Placebo Button [The button of control]

Have you walked in a street probably in the U.S and you found a little button on the sidewalk when at the crossroad? Usually, it’s attached to a red light or just an electricity pole. Have you ever try to press it? I did press it, wherever I walked in Asia or in other continents, whenever there is this button, I always pressed this little button. Often I also, timer it on my phone. Well, If you pressed those buttons just I like did couple years ago, then you are one of the victims of Placebo button. 

It turns out that those buttons are fake or not working. A study by ABC in 2010 state that all pedestrian buttons across America are fake except in Austin, Gainsville, and Syracuse. Even in the world, many of these buttons are fake. The function of that button is to give us a sense of control and a sense of power, even though you haven’t. But when you press, and immediately, the light reacts, we are really happy. Because we feel powerful enough to change the light color on the street. This picture was taken at Christmas in Cardiff, Wales. Let’s take a look =

There is something different about this crossing button, now there is a light on the button. The light illuminated after you press the button. This will give us that sense of control, so we feel secure and we felt in control. This is surely a new and a smart way for the government to make placebo effect seems real with illuminating light.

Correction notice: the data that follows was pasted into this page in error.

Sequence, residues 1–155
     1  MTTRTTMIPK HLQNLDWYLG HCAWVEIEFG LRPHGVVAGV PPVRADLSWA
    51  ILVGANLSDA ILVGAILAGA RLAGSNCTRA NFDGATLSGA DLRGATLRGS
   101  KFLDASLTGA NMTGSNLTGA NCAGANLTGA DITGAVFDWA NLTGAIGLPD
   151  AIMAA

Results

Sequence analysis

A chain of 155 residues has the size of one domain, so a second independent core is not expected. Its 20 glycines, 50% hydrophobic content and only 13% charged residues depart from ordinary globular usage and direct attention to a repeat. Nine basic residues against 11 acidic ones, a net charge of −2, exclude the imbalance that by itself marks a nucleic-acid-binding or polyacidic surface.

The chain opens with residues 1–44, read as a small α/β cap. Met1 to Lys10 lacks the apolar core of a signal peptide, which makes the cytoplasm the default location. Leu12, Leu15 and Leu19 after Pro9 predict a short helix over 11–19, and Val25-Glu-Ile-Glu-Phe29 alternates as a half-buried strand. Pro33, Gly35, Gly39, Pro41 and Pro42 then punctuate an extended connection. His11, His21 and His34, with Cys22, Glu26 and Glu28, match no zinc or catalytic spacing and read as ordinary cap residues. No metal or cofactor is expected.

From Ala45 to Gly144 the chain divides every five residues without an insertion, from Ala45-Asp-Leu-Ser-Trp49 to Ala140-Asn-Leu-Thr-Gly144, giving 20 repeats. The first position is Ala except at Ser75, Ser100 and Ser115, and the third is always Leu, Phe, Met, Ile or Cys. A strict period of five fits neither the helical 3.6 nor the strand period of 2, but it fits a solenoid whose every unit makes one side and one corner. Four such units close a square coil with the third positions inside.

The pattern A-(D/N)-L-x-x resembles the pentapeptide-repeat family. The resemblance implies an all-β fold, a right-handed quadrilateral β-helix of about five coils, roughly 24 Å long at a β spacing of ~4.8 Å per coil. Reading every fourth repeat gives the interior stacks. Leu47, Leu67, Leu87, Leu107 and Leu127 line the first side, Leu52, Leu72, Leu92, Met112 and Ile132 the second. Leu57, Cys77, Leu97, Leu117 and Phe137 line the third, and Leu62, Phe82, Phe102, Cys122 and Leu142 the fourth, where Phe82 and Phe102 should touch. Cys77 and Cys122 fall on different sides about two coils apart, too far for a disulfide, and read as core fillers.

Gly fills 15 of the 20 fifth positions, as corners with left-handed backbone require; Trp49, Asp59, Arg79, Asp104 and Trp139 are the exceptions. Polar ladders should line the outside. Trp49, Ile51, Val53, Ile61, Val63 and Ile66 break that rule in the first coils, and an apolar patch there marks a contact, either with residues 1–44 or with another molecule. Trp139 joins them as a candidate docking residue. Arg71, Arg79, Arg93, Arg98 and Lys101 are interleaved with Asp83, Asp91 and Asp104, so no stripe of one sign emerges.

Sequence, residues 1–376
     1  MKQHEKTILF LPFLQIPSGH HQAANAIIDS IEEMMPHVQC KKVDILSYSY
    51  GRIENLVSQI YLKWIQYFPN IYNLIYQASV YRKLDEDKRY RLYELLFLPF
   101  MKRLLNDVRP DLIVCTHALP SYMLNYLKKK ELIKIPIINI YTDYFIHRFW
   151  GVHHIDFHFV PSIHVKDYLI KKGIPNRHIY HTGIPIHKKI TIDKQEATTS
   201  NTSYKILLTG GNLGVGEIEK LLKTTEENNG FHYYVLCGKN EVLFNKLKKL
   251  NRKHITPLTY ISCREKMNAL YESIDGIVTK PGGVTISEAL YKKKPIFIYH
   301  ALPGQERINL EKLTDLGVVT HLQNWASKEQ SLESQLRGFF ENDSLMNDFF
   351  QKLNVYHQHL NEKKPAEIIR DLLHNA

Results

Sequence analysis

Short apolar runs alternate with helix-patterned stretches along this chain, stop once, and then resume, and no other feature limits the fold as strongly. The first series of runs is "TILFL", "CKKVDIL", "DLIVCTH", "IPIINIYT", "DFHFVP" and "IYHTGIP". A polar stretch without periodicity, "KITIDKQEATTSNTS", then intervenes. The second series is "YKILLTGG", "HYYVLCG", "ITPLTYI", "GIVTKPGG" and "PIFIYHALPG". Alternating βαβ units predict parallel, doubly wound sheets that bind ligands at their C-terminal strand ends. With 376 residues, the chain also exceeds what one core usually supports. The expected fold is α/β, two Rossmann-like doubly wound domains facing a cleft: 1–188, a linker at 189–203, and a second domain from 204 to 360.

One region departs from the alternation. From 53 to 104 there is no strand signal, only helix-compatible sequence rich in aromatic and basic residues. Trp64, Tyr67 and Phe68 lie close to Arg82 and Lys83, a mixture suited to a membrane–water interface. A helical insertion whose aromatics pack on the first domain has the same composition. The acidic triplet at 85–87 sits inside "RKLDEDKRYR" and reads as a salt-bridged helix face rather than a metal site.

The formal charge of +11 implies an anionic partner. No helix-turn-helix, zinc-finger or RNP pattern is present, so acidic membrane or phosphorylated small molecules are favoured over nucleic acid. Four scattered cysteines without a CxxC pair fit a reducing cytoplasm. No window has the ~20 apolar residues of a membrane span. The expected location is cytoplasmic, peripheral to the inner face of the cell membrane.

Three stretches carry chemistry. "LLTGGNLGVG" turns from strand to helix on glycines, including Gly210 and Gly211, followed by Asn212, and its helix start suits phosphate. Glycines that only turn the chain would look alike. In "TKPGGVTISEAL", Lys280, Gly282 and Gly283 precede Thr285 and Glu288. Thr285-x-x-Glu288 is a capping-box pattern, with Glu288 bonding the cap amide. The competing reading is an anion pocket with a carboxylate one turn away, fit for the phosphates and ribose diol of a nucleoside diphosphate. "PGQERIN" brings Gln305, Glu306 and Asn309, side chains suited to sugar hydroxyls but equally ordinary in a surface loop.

You probably don’t notice it, but there are many public facilities that use the same tactic. Elevator close buttons are one of them. Manufacture stop engineer close button to works since the 1990s. Since then, every time you try to press the close button, it gives you the same closing time as you don’t press it. There are tons another example in our life that turns out to be placebo.

Thank you for reading this particular post! if you have something in mind, tell us in the comment box below!


Eyal, N. (2016, November 08). Your World Is Full of Placebo Buttons. Retrieved from

Grossman, D. (2017, November 14). The Everyday Buttons That Don’t Really Work. Retrieved from

Grossman, D. (2017, November 14). The Everyday Buttons That Don’t Really Work. Retrieved from

Kohlstedt, K. (n.d.). User Illusion: Everyday ‘Placebo Buttons’ Create Semblance of Control. Retrieved from

Placebo Buttons. (2016, April 18). Retrieved from

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